Not since the glory days of the B&O Railroad has Baltimore been so much in the limelight of railroading as it has recently. Last week, it was President Joe Biden’s announcement of $16.4 billion in spending on Amtrak’s Northeast Corridor, a big chunk of which is headed to Charm City. On Monday, top Biden administration officials were back to talk with Gov. Wes Moore about a secondary benefit of all that spending including the $4.7 billion committed to create a new Frederick Douglass Tunnel through Baltimore — the chance to put a lot of young people on the right track toward high-paying transportation jobs (as a “workforce hub”) connected to such public investment.
But there’s another, less high-profile, opportunity linked to this historic improvement of passenger rail service between Washington, D.C., and Boston: a moment to help spare the planet from the worst effects of climate change that may require nothing more than asking employers in Maryland and elsewhere along Amtrak’s busiest route to act in their own self-interest.
What must employers do? Tell their workers to conduct business-related travel by train and not airplane. With faster speeds (and lower emissions) from electrification and the replacement of bottlenecks like the old Baltimore and Potomac Tunnel near Penn Station, the travel times will likely be comparable — or even better on shorter hops. That’s especially true when you factor center-city stations instead of remote airports. But add to that internet connectivity so workers can keep tapping away on their laptops as they speed through Delaware, Pennsylvania, New York and onward, and you have a net gain.
But here’s the best part: Experts estimate that switching from jets to trains can reduce that employee’s carbon footprint by a lot. Like a lot a lot.
The Travel Smart Campaign, a global outreach effort supported in the United States by the Rail Passengers Association and the environmental advocacy group “Stand.earth” among others, has estimated that a trip from Washington to New York by jet results in 173 kilograms (381.4 pounds) of carbon dioxide released into the atmosphere per passenger, while the same journey by train results in just 4.73 kilograms (10.4 pounds), which is about 92% less. Yet the group found in a survey of 322 companies that few — just 28 — had taken steps to encourage employees to travel by rail.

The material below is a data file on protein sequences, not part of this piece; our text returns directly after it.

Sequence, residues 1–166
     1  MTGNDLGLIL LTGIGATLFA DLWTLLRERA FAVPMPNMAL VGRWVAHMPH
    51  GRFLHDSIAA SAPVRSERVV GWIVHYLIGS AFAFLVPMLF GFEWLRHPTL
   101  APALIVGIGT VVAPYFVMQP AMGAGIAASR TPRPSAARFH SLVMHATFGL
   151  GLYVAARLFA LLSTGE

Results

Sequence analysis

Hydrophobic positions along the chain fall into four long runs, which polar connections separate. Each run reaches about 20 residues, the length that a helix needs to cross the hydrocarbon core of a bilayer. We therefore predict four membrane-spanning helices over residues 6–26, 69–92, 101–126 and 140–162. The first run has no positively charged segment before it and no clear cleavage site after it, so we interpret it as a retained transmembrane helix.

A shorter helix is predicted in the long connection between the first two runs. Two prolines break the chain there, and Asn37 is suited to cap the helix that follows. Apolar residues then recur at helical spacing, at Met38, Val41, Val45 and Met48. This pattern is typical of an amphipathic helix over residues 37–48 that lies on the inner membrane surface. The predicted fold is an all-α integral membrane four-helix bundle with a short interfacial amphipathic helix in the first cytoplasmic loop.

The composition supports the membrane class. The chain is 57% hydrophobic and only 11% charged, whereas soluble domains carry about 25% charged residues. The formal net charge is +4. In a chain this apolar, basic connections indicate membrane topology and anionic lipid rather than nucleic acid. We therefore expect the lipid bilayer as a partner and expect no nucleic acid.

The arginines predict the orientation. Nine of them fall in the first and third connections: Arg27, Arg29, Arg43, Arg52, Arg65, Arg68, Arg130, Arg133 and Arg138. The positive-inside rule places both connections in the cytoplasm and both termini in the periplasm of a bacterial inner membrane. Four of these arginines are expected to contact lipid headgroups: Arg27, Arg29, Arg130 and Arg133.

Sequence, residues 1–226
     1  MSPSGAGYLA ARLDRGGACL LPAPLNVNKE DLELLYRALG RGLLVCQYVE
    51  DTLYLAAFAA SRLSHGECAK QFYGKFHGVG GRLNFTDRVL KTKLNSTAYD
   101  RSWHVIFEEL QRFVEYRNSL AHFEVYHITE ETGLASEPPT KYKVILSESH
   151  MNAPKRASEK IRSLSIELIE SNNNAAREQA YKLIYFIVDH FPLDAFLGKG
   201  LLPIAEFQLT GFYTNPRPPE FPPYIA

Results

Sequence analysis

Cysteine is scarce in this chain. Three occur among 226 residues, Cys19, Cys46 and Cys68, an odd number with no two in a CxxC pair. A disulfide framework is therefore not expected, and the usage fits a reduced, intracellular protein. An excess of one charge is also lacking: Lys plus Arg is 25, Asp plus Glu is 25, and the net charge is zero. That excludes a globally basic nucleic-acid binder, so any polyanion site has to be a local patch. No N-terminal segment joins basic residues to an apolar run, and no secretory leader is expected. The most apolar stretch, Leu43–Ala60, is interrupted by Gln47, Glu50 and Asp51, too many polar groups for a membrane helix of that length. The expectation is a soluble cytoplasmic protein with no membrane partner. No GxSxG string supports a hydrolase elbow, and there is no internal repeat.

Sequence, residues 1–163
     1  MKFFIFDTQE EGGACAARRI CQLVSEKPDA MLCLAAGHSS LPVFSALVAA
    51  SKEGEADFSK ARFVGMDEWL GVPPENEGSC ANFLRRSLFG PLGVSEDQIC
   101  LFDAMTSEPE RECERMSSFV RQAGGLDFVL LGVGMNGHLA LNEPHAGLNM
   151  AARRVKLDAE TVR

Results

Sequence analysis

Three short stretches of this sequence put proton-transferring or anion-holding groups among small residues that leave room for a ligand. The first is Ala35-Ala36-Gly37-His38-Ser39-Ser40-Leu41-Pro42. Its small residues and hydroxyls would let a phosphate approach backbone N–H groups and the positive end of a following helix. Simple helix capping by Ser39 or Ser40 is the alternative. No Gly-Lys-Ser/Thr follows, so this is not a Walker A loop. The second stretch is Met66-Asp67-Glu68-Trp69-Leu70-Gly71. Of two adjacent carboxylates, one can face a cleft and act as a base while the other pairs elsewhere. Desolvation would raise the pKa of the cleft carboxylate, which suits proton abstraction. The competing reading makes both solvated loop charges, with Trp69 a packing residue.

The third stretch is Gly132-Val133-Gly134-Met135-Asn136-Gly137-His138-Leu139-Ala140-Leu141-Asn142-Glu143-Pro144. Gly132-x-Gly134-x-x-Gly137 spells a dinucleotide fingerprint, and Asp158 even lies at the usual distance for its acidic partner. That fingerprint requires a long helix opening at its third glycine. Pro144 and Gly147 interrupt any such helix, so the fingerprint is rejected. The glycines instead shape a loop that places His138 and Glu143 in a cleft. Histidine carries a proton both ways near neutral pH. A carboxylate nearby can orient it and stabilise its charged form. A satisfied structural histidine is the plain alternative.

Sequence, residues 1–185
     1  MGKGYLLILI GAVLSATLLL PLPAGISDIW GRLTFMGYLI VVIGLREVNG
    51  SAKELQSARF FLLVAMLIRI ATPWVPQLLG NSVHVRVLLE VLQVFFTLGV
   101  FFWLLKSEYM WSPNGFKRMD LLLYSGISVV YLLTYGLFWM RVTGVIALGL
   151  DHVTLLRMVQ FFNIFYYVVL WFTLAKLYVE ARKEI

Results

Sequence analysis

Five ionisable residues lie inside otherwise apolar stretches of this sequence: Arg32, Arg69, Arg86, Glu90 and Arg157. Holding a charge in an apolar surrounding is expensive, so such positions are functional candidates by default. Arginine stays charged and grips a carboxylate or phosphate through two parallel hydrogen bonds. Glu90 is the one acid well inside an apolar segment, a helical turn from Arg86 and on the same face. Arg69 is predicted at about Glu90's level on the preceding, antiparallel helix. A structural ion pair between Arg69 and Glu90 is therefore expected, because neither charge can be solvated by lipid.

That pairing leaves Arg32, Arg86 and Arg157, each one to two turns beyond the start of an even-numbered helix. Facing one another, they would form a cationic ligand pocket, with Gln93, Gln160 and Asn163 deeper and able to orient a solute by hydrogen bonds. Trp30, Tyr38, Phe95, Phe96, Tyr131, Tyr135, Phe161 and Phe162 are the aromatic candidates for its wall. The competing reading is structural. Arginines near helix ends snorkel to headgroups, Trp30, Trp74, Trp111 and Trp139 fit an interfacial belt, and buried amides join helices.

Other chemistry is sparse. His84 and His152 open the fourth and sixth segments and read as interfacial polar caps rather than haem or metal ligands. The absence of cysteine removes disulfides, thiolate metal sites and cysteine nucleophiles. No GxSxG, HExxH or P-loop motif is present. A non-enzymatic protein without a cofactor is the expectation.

Addressing climate change one passenger at a time may sound like something of a slog, but it adds up fast. Business travel represents about 1 in 5 trips in the global air travel field. And the transportation sector is the single biggest contributor to greenhouse gas emissions, ranking even higher than power plants.
Advocates at Travel Smart recommend employers set targets to switch from air to rail, then outright mandate employees use rail for shorter trips, like Baltimore to New York, for example. They might also provide an incentive like allowing first-class travel on rail but not on planes. Granting workers who choose rail some extra time off is also a recommended strategy, as is giving employees who are working on their laptops while traveling by train credit for being on the job during those hours. That last one might be enough to get workers back in the office.
We would go further and suggest that employers who make significant progress on this front, by, say, converting a certain number of miles traveled from air to rail, get some kind of independent green rating. Consumers might be inclined to support companies that are mindful of their environmental impact. Wouldn’t it be nice to hire a financial adviser or estate lawyer or accountant who was smart enough to help save the planet?
Obviously, switching to trains alone won’t fix global warming. People are still going to have to make some difficult decisions about how they live, work, eat and play if the U.S. and other countries are to meet long-term emission goals. But switching to trains when possible would seem like one of the easiest steps to take and, especially in Baltimore, the biggest win-win available as we encourage passenger rail growth. Baltimore is already the nation’s seventh busiest Amtrak rail stop with D.C. in second place and Baltimore-Washington International Thurgood Marshall’s train stop at 13. So, here’s a final call for all that job creation that comes with it.
Baltimore Sun editorial writers offer opinions and analysis on news and issues relevant to readers. They operate separately from the newsroom.
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